• 31 OCT 12
    • 0

    Australian government to launch a smart meter “intensive public education” spin

    Moving bravely ahead with a national roll-out of smart meters, despite the mounting evidence that there is a significant health issue that urgently needs to be investigated, the Australian federal government will now be spending $$$ millions on a nation-wide smart meter “intensive public education” campaign. Why not spend some of that money to investigate the health issue? Of course not. God forbid! They may even find that the current crop of smart meters that they have committed themselves to are a health hazard – and then what for their big investment?

    So much for a precautionary policy to protect public health…………..


    From Stop Smart Meters Australia:

    The Sydney Morning Herald, October 31, 2012;

    Switch off and get paid

    By Lenore Tayler


    CONSUMERS will be able to cut their electricity bills by agreeing to companies remotely switching off their appliances during spikes in demand.

    The proposal is part of a package of federal government reforms expected to back ”cost-reflective pricing”. This will allow consumers to avoid peaks that occur for fewer than 40 hours every year but account for about 25 per cent of retail electricity bills.

    Under the proposal, households and businesses would be able to cut their bills by choosing to switch off during peak demand times when power costs soar.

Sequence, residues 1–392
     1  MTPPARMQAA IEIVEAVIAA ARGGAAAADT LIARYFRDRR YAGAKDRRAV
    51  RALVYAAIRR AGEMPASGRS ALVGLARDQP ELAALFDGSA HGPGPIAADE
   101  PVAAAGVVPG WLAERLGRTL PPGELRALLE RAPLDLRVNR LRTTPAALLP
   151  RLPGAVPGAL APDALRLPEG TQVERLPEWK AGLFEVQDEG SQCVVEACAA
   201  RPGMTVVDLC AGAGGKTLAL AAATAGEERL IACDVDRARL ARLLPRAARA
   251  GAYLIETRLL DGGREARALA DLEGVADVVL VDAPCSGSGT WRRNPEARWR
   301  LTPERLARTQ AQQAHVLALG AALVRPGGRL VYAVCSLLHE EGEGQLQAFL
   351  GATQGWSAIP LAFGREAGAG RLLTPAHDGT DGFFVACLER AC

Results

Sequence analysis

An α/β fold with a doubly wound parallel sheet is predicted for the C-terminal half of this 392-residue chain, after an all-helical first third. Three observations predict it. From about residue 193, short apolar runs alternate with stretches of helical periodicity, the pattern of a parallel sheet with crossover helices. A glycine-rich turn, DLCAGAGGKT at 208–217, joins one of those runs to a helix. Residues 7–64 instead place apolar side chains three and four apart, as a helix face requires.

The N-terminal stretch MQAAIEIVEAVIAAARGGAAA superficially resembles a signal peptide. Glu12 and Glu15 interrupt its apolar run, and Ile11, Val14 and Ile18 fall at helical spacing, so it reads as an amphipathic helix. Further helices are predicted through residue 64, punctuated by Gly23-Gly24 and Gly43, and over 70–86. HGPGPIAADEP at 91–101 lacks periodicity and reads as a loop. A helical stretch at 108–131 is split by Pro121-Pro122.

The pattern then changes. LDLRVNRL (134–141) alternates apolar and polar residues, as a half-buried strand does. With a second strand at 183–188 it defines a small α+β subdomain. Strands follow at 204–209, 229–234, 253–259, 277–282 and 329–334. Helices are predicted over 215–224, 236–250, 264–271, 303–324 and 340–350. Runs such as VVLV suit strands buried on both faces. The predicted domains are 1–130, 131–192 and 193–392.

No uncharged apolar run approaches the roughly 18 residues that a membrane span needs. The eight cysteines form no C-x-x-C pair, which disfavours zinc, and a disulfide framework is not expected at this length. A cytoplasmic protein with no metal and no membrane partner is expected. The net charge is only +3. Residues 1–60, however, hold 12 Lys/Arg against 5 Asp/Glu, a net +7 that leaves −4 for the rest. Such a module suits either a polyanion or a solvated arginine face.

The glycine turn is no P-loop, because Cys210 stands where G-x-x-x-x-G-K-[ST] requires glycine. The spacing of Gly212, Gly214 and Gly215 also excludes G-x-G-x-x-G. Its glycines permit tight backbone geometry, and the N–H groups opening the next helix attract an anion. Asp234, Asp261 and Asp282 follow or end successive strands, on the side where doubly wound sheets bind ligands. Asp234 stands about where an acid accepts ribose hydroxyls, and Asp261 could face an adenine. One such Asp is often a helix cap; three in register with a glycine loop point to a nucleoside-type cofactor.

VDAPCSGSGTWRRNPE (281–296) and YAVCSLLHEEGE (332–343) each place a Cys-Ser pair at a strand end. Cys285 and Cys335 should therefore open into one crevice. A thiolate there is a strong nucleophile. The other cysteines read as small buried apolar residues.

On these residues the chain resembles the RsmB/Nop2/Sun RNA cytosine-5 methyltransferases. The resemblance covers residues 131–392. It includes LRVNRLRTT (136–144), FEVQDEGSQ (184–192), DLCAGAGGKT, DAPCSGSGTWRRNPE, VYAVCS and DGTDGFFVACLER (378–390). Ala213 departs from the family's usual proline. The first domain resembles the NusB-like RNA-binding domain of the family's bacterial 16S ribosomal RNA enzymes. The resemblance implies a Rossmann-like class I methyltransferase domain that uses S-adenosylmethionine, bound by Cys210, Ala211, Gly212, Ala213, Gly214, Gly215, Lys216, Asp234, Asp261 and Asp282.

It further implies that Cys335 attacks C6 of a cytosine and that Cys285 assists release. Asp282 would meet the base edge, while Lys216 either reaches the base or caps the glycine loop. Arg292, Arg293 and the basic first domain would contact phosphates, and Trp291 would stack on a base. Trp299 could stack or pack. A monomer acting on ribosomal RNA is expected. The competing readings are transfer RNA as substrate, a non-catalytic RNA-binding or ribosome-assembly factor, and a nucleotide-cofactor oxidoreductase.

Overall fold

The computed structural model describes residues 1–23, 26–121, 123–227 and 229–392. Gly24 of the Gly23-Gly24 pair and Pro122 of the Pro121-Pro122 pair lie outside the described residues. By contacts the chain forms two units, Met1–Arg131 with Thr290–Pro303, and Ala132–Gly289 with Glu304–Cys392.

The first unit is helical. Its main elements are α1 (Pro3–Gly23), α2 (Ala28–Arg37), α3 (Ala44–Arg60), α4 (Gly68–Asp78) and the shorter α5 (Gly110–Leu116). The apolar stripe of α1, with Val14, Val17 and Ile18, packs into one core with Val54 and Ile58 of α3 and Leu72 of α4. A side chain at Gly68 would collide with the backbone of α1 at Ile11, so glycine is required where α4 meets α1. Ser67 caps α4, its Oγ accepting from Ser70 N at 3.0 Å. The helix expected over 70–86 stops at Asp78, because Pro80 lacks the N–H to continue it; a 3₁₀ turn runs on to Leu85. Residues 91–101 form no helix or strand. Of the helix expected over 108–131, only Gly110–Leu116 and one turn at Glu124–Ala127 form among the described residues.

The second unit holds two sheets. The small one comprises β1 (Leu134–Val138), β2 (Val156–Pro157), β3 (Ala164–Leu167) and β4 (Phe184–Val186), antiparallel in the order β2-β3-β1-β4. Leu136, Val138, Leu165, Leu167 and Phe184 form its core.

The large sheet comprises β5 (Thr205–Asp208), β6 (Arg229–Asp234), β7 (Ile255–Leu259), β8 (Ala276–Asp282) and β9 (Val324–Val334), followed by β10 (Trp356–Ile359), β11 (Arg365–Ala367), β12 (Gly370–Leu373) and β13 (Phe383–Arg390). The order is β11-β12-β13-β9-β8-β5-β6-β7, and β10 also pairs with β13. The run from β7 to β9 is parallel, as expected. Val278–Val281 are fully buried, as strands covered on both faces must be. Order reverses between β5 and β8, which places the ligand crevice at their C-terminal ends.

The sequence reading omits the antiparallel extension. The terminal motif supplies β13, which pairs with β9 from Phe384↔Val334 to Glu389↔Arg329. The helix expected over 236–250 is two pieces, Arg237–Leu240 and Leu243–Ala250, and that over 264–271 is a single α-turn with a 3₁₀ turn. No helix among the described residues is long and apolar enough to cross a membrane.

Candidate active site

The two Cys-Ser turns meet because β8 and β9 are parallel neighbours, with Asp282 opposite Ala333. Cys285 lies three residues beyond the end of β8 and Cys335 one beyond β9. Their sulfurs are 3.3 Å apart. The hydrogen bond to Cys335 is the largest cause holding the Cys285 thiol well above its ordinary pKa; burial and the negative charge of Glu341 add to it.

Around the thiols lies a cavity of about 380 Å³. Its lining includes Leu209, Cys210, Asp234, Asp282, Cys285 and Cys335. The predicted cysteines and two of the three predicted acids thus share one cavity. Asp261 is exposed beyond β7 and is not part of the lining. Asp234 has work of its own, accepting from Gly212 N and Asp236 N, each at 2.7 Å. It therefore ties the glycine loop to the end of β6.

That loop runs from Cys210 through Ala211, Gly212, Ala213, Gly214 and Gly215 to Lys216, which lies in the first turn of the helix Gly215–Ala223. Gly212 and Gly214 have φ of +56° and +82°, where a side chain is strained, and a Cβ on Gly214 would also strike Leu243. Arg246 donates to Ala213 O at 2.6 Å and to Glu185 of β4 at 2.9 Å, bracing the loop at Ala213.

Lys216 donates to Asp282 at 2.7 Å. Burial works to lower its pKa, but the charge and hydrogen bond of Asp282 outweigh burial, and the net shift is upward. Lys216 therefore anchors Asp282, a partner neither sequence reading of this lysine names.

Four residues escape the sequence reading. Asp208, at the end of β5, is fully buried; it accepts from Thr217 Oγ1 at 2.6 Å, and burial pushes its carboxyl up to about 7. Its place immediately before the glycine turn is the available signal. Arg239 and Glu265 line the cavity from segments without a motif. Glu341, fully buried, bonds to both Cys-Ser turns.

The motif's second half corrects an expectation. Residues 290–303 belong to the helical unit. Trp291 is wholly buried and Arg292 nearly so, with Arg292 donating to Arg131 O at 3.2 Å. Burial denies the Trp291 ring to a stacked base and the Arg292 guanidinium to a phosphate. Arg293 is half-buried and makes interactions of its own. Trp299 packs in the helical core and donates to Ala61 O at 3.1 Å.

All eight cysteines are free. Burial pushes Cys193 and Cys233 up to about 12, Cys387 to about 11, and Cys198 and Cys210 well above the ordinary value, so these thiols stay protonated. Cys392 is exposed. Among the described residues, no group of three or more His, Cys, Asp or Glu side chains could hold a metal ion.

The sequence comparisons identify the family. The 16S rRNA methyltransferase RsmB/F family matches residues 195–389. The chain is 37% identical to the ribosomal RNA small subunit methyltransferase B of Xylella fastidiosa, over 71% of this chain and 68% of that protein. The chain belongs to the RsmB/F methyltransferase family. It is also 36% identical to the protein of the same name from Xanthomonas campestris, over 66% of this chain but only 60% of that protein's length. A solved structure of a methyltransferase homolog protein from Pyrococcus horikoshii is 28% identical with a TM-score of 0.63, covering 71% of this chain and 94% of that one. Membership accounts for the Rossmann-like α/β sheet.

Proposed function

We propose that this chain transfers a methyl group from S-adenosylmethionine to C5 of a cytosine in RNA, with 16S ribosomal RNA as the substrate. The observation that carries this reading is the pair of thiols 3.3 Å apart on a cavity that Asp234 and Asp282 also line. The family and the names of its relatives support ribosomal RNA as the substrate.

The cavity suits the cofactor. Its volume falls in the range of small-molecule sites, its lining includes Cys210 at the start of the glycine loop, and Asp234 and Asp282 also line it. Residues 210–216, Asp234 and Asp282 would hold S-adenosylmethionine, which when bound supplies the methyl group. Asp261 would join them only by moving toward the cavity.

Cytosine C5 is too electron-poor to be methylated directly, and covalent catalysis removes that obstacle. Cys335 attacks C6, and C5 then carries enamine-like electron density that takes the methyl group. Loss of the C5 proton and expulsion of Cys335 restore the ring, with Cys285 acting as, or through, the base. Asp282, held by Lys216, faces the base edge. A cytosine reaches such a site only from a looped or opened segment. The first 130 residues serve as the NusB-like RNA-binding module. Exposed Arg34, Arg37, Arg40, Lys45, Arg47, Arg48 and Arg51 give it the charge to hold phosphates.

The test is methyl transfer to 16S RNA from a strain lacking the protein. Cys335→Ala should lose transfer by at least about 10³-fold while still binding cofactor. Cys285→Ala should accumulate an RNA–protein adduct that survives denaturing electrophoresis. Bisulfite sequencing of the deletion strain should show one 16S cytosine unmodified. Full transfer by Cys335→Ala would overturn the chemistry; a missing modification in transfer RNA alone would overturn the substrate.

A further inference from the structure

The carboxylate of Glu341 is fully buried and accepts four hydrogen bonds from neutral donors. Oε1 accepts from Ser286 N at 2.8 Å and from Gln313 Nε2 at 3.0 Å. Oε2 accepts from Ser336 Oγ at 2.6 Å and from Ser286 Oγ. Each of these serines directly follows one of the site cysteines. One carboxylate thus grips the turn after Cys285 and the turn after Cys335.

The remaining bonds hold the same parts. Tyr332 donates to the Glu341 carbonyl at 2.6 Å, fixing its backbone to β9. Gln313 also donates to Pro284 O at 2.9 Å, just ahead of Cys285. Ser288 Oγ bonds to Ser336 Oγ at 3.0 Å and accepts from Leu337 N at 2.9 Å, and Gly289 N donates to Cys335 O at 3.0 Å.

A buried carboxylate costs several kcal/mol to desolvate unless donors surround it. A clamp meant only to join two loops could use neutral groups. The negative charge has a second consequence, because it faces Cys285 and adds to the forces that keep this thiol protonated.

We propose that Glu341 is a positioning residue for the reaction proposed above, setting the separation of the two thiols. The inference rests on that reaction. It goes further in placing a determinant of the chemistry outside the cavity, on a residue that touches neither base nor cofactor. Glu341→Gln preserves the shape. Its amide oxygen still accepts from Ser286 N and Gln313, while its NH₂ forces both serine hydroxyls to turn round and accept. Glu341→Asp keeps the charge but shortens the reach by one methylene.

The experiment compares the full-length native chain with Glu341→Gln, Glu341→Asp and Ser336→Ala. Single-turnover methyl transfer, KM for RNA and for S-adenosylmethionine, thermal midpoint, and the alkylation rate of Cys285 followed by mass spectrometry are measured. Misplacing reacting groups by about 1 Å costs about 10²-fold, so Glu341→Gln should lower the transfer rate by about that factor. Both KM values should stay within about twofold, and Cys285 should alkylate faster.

The system would be compulsory only for big users, with medium-sized users allowed to opt out and small users required to opt in if they want to switch off at peak times to reduce their bills.

    The power pricing package is designed to tackle the price drivers that account for 42 per cent of projected NSW electricity cost rises from 2010 to 2013 on top of the average 9 per cent impact of the carbon tax. It will be put to the premiers on December 7 and is outlined in government-backed recommendations from a special inquiry to be tabled in the Senate tomorrow.

    The ”opt in” recommendation could avoid big price rises for households that do not change their usage.

    The change would require a national distribution of smart meters and would be accompanied by intensive public education and special protections for low-income households.


    Read more: http://www.smh.com.au/opinion/political-news/switch-off-and-get-paid-20121030-28hrd.html#ixzz2ApZnJa7k

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